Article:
Miracle Hill’s mission and vision help us define what and how we do ministry to the hurting and lost of Upstate South Carolina. Some aspects of caring for the homeless, lost, and addicted are clearly defined in our organization’s culture. For instance, we provide food to the hungry, beds to the cold and weary, and we share the Gospel with everyone God brings our way. Other aspects such as wholeness, stability, and healthy relationships require us to dig a little deeper to determine what exactly those qualities look like. Over a decade ago, Miracle Hill determined that one of the biggest missing elements in our care model was safe transitional housing for our shelter and program guests.
As our guests become healthier through employment, improved relationships, and financial stability, they often run into a huge roadblock with safe, affordable housing. This issue has gained a fair amount of attention lately as more affordable housing has vanished from the Upstate and few new units are being built. Imagine working tirelessly to fix your broken life, and when you reach a point where you can move out into an independent living situation, there is nowhere to go that you can afford. Or you find that what you can afford is in a high crime area, a recipe for disaster for those overcoming addiction. Early recovery in the wrong area can result in relapse or worse.
Not Meant to Do Life Alone
Not only is the housing shortage a huge issue, but often our guests are not ready to live independently. In our addiction recovery facilities the guests live in an accountability-rich environment for over half a year, and transitioning to independence can be wrought with obstacles. Walking out early recovery with others who are experiencing the same trials and temptations can bring great strength to the individual guest. We were not meant to do life alone, and transitional housing provides additional relational support outside of a guest’s activity inside his or her church body. Ecclesiastes 4:9-10 teaches us that “Two are better than one, because they have a good return for their labor: If either of them falls down, one can help the other up. But pity anyone who falls and has no one to help them up.” And the Bible goes on to say: “And let us consider how we may spur one another on toward love and good deeds, not giving up meeting together, as some are in the habit of doing, but encouraging one another—and all the more as you see the Day approaching.” Hebrews 10:24-25
In response to this issue, Miracle Hill has acquired many houses in the Upstate over the years that we operate in an adjusted Oxford Model of housing. This means that these transitional homes are self-governing, so our guests continue to learn discipline and responsibility, but that we also provide continued counseling and support for those walking out of our residential facilities and into their new lives.
I’m Glad I Listened
Eric Turner came to the Overcomers Center on November 20, 2015 after an unsuccessful battle with a ten-year addiction. After completing the program Eric wanted to go home, but instead he decided to listen to his counselor and committed to six months in our transitional housing. Eric successfully completed transition and then moved into a house with another Overcomers graduate. Eric says while in transition he had the opportunity to practice the principles he learned at the Center. He says, “Transition is where I truly learned accountability and responsibility. It was a great way to ease myself back into society; I’m glad I listened to my counselor rather than doing what I wanted to do.”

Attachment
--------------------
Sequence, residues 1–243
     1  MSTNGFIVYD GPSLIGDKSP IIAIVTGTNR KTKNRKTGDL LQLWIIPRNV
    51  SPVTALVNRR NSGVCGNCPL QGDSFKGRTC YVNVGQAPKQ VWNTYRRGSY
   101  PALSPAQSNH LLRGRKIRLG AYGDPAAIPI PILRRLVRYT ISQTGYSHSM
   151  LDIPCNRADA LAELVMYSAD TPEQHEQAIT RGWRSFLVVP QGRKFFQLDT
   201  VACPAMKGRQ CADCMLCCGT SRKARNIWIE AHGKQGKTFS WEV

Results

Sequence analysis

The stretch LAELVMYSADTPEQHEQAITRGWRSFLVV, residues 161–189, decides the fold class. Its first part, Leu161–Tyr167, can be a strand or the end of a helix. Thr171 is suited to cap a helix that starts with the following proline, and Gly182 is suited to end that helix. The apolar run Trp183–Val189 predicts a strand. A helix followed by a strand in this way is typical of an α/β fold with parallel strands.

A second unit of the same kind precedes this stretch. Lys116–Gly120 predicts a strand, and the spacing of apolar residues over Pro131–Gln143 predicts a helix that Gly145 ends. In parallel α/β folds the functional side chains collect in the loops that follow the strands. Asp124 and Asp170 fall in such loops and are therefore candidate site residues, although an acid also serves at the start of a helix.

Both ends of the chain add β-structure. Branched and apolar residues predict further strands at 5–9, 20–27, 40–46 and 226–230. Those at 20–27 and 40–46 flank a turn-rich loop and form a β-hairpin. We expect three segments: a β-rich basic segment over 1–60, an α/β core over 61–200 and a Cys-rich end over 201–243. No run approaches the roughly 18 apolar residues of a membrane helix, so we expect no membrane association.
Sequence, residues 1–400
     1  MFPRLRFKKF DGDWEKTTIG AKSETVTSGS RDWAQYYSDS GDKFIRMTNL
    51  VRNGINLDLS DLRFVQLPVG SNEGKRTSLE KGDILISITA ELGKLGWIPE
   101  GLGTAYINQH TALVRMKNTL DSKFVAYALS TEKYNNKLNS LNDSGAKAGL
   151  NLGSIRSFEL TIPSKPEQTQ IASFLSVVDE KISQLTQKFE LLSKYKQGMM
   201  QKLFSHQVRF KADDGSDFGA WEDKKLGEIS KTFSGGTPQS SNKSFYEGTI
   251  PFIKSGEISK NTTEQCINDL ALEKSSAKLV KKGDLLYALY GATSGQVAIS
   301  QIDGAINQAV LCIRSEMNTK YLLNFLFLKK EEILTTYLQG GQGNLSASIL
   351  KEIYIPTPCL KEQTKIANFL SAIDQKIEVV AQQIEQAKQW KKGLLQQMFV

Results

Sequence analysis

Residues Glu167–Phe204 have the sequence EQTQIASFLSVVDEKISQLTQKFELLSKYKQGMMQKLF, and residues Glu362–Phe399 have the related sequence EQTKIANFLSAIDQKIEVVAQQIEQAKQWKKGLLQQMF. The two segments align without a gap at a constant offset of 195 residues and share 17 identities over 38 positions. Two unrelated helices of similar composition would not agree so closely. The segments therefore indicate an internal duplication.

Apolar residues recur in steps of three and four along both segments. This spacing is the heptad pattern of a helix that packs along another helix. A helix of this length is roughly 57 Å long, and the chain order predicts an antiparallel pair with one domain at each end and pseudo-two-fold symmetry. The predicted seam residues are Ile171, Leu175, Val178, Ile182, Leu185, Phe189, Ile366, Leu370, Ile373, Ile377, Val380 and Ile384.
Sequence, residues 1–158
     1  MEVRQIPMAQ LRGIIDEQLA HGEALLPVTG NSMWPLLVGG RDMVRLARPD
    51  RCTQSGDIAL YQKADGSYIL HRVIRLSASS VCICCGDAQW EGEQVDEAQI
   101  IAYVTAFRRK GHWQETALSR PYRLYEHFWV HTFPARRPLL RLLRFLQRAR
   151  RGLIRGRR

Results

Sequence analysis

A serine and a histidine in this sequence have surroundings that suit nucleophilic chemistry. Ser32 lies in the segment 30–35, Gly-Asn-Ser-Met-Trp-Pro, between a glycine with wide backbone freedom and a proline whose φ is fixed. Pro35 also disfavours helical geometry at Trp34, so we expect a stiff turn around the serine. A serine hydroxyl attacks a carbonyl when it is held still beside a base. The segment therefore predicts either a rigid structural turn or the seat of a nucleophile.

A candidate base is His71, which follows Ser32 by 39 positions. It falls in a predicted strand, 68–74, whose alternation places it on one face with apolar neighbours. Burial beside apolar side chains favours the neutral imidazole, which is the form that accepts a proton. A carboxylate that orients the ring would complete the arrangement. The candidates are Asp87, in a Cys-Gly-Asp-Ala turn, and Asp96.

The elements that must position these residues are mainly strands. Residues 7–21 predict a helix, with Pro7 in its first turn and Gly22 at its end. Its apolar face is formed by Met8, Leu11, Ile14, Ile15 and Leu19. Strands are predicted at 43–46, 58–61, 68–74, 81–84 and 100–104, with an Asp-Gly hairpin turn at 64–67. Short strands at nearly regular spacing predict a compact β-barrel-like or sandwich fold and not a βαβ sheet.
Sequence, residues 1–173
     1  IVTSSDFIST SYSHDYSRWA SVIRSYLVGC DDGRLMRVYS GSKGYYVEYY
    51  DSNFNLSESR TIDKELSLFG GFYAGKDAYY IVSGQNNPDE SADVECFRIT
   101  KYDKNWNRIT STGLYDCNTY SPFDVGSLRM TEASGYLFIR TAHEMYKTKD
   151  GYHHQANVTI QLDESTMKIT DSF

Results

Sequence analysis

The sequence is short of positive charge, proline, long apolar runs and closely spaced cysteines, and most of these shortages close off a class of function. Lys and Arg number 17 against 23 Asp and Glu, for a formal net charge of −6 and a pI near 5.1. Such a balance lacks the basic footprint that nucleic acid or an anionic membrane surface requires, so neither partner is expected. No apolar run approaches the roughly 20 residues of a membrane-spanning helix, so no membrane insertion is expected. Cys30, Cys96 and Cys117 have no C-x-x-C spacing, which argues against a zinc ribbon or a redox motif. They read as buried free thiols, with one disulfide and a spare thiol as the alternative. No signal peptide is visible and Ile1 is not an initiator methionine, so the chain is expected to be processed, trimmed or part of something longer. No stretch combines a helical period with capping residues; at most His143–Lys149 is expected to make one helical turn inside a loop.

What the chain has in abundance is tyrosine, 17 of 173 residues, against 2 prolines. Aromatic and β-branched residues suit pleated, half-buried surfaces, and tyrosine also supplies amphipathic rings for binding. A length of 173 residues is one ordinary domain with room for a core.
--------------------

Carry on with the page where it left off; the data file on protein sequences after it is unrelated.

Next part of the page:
Eric is now celebrating 28 months clean, has a vehicle, a great job, and is a productive member of society. Eric’s biggest victory has been his relationship with his daughter. Six years ago Eric was told by his daughter’s mother that he would never be able to see her. In January 2018 Eric saw his daughter for the first time after six years. He now talks to her on a consistent basis and has been allowed to see her three other times.
New Transitional Village Under Construction
Currently we are in the process of building eight additional transitional homes for the Overcomers men on the property adjacent to the Center. These three-bedroom houses are beautiful, energy efficient and constructed to provide a place of additional refuge for six men to work toward independence. This village will provide 48 beds for graduates of the program who wish to continue to work on establishing their foundation in Christ in early recovery and remain connected to the Overcomers community while building their way toward independence. If you, your church or your business would like to learn more about this exciting project, please email Ryan Duerk at firstname.lastname@example.org .
Our Mission: Miracle Hill exists that homeless children and adults receive food and shelter with compassion, hear the Good News of Jesus Christ, and move toward healthy relationships and stability.
Our Vision: that each Upstate South Carolina county has adequate and accessible resources for homeless children, women, and men. Compassionate services point individuals to Christ and move them toward wholeness, stability, and healthy relationships.
Post submitted by Ryan Duerk, VP of Adult Ministries and Wade Cason, Transition Coordinator